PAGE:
The next day was pretty similar, I stuck to my routine. As visibility was low again, I kept expecting Louis to appear out of nowhere but no sight of him and we had agreed to meet on the last day.
Langjokull Glacier, the “long” glacier, and the second largest in Iceland. We were dropped off in the South and aimed to make our way to the highest point in the North at 1450m. We had maps for the glacier and were advised on points to avoid (crevasse areas).
After marking our maps and a quick revision of navigation in lat and long, we were off. Visibility was good for these days, I stayed in front with my compass mount to simulate exactly what I would be doing in Antarctica.
The route wasn’t always straightforward, we wanted to avoid any crevasse ridden areas and therefore taken the long way around to get to our waypoints.
The sun is out and visibility clear so far. We reached the highest point of the north side (1450m) by day 2 and camped there. This is my last day with Louis before heading out solo.
As many others, I have been constantly checking entry restrictions into Europe. The aim was to head to Norway between Jan-Mar but this wasn’t possible due to travel restrictions.
The plan was to do a final preparation trip with my expedition manager (Louis Rudd) and a chance to practice everything I’ve been taught before heading onto my Antarctic expedition.
We decided on Iceland two months ago, hoping we would get a good weather window. The time came around quickly, I met Louis at Heathrow Airport on 8 August where we rearranged some of our kit into the pulks.
The first task was navigating the pulks through Heathrow and Keflavik Airport (Iceland). From there, we were picked up by an impressive 4×4 and trailer for our pulks. Three hour drive to Langjokull Glacier, we arranged our pulks, picked up fuel and then drove a further 30 mins to get to the snow.
We skied for 2.5hrs with our pulks before setting up our tents and preparing for the rest of the expedition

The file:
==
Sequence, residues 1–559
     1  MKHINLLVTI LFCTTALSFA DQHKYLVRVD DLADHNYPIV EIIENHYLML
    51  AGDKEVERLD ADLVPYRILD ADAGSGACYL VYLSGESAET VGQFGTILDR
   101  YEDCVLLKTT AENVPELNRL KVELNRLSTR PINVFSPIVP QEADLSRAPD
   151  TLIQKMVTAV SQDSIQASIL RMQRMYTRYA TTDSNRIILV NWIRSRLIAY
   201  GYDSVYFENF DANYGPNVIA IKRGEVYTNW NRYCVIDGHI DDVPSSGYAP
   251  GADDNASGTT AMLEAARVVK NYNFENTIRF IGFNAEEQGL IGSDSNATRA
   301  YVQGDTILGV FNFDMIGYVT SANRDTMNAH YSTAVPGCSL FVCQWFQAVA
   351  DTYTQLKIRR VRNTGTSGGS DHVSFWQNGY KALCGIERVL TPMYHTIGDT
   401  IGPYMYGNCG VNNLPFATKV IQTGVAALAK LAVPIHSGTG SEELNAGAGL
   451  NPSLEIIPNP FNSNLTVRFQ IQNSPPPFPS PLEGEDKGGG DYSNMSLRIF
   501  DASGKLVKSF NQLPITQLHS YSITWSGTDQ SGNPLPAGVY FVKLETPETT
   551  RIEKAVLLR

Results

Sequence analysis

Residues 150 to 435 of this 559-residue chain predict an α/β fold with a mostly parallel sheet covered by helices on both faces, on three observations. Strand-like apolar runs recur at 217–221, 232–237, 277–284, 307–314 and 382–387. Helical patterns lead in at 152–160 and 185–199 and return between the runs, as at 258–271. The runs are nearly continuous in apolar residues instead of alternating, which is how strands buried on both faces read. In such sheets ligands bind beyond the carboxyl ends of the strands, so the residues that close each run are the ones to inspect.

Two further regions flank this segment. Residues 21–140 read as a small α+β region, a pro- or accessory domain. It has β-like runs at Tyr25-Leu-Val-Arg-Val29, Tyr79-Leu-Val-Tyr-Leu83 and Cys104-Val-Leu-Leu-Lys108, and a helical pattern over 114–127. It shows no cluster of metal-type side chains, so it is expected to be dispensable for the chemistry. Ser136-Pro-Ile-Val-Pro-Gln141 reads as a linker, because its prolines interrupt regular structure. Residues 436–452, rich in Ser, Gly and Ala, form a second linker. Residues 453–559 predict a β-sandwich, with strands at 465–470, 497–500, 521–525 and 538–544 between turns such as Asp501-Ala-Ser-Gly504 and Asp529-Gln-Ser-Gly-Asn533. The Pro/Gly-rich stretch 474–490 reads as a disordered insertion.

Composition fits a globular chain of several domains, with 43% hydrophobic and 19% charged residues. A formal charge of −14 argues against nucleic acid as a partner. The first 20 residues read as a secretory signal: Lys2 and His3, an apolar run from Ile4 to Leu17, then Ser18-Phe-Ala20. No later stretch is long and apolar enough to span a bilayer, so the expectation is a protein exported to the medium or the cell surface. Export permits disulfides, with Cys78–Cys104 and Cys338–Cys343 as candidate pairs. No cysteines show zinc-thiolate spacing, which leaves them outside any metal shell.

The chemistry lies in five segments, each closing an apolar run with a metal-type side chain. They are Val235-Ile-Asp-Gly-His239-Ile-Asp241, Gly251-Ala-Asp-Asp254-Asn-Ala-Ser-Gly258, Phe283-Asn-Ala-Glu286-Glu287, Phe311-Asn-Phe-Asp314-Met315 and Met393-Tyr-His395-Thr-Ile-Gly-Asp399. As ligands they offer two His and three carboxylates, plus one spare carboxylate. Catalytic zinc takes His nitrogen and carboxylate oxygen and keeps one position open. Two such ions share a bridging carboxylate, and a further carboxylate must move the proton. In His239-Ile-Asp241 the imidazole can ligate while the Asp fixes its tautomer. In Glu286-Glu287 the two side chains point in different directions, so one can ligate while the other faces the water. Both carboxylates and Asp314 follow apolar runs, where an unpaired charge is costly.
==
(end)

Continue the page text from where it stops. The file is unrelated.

Proudly dragging my tyre while wearing my Indian suit.
When I was younger, I don’t know how much time I spent denying my culture and roots…why it took me so long to realise I should be proud of my background. Part of me didn’t like standing out at the time but now I love it.
Dancing to my own rhythm
Embracing my skin colour
Embracing my background
That doesn’t mean I don’t embrace my British side too. It just took me longer to appreciate where I’m from and to wear my brown skin with pride.
I am proud to be a Punjabi girl.
It was Vaisakhi this week and it brought back memories of Nagar Kirtan with the family. It’s been a long time since I’ve worn any Indian clothing and I really enjoyed this tyre drag.
This month has many celebrations, Vaisakhi, Navratri, Ramadan, Easter, being able to see friends and family. Take a moment to appreciate that, it has been a special month. Wishing everyone love and happiness 💜
This all began with an idea, this idea that I could achieve something incredible. Something beyond what I could’ve expected from myself. I didn’t really know where to start and then I started reading blogs and contacting polar explorers.
I didn’t have any winter or polar training experience and I wanted some experience before I approached companies for sponsorship. I waited until I had been to Norway on a Polar Training Course and then I waited until I had been to Greenland for further training. I wanted to be as prepared as I possibly could and I wanted companies to know that I was serious about this expedition. I wanted them to know that I was determined and that I was going to do anything I possibly could to get there.
I emailed 100s of companies, I went through the enquiry pages of most of them. A lot wouldn’t respond, and a lot came back to say they couldn’t support my expedition at this time. It is understandable, companies receive a lot of emails, and with Covid it was even more difficult.
I would tell myself ‘Don’t give up, keep trying and I did’. I kept emailing companies, after work, before I went to bed, before work, whenever I had time!
I have done a lot of different challenges and raised money for charities but this was the first time I was pitching to corporate supporters. I was so happy when I got my first yes, it was a huge step forward.
I’ve never been one to give up, I’m determined and stubborn and I know that I will get there. It started as one person with an idea, this is a solo expedition but I have so many people supporting me behind the scenes.
I want to say a huge thank you to Team Army for all of your support and to all of the companies supporting me.
I look forward to working with you on this journey and meeting you in person.
I also want to thank the many individuals that have contacted me through my website or helped me in some way along the way. Your encouragement and belief in me has helped me get to this point and has played a part in how much I believe in myself. Thank you.